Do I like it? No. I don’t want to remember music like this. The way the advertising industry has corraled music to its use has created a miasma of sound and imagery you can’t run away from, no matter where you are—such as in a movie theater awaiting the feature film or even watching youtube.com.

Almost like tones in a watercolor that run together, it all becomes a blur of subliminal noise that leads me to think of mind control.

 

 

 

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The Soundtrack of Our Lives?

Whatever happened to original music in TV commercials?

TV commercials have always relied on ambience—background music or sounds—to set the stage for a thematic message the advertisers wanted to convey to their target audience. From the ’50s thru the ’70s, TV commercials had original music, the track and sometimes vocal accompaniment, to provide that ambience.

Advertisers were well aware that the “jingles” written for these ads became a catchy way for the viewers to remember the ads. People would even hum or sing along with the ads, after a fashion, maybe making fun of the ads. But the advertisers didn’t care one way or another, as long as people remembered their ads.

And the jingle writers were happy to crank out the tunes. Many of the composers of these tunes were songwriters looking for a way to make extra cash between writing more lengthy songs for recording artists. But it was an arm of the entertainment business—part of the way things were done.

Then something changed around the late ’80s. The jingles started disappearing. Maybe the advertising agencies felt that viewers were becoming more sophisticated, but what actually happened, certainly by the late ’90s, was that writers at those agencies saw they had at their disposal a lot of music already available to them. They could use old rock ’n’ roll tunes.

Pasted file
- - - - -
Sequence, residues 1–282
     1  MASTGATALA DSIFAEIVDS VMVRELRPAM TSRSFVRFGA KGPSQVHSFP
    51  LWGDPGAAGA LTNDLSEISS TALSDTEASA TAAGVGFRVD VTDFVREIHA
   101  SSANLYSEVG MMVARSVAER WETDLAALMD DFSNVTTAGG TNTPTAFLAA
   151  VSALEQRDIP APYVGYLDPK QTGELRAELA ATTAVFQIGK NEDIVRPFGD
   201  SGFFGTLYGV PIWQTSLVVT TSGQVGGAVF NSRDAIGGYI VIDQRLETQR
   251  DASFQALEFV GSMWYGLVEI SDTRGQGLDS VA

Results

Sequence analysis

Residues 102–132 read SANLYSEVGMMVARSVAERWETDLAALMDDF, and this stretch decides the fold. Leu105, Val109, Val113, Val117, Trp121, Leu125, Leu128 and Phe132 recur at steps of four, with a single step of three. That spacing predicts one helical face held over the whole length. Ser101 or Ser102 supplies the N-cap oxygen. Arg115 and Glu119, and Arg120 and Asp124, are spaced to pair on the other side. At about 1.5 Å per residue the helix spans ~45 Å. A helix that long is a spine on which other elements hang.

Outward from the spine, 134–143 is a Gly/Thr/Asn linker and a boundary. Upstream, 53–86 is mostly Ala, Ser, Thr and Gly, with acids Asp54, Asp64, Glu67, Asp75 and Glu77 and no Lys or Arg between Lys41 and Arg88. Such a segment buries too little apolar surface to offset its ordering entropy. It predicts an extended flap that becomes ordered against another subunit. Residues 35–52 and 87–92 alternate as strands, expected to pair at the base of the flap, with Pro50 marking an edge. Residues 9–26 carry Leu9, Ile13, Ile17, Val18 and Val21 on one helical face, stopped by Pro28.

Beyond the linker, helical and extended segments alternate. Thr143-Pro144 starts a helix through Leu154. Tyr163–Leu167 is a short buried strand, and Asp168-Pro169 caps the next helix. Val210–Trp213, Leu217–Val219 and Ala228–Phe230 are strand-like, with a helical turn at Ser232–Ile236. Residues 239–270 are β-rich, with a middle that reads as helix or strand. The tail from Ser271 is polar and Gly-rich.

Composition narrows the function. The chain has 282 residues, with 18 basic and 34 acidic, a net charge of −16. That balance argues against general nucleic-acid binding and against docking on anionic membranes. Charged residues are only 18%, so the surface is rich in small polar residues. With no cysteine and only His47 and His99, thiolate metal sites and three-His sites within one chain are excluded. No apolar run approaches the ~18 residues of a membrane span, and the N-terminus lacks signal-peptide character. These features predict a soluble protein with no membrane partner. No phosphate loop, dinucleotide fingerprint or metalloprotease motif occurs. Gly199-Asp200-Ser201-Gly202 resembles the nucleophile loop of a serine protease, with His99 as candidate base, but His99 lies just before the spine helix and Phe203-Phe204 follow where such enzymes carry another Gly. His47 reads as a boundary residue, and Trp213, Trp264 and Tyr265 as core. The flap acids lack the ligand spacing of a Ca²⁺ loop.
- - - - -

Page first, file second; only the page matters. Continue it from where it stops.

It was part of a wave of using retro imagery and sounds from days past. Baby boomers had become of age, and taking the reins at ad agencies, wanted to express those images they had grown up with as art. You might say it was an extension of Andy Warhol’s version of “pop” art. Packaging began using old off-register print images. And old rock ’n’ roll music, either instrumental versions or snippets of the original vocals, were beginning to be heard in the background of TV ads.

At first, vocalists were hired to redo the songs, even update the sound. But then the originals were starting to be heard. Even today, you can hear ZZ Top’s “La Grange” on a Geico motorcycle insurance ad.

I was watching TV a few weeks ago and heard a tune I hadn’t heard in over 40 years. It wasn’t a rock tune or even a pop song, per se. It was a simple tune called “Mah Nà Mah Nà”, which had been a minor radio hit back in 1968 for a short while and later picked up as a tune used on Sesame Street. Originally used in a Italian film, it was written by Piero Umiliani, a name long forgotten by now. The tune has no words, just nonsensical syllables uttered by a vocalist.

And here it was used on a Ford Explorer commercial where we find a father and daughter making a wood craft in their garage. So here was an instance where the advertiser decided on using a tune heard in his/her youth, recalling a happy time with Dad.

And maybe that’s why we hear these tunes that recall those happy times. The 45-to-60-year-old demographic can surely identify with that mindset. A radio station in Chicago—playing songs from the ’60s and ’70s—has a byline: the Soundtrack of Our Lives.

But then I recently heard a homogenized Steely Dan tune in an elevator.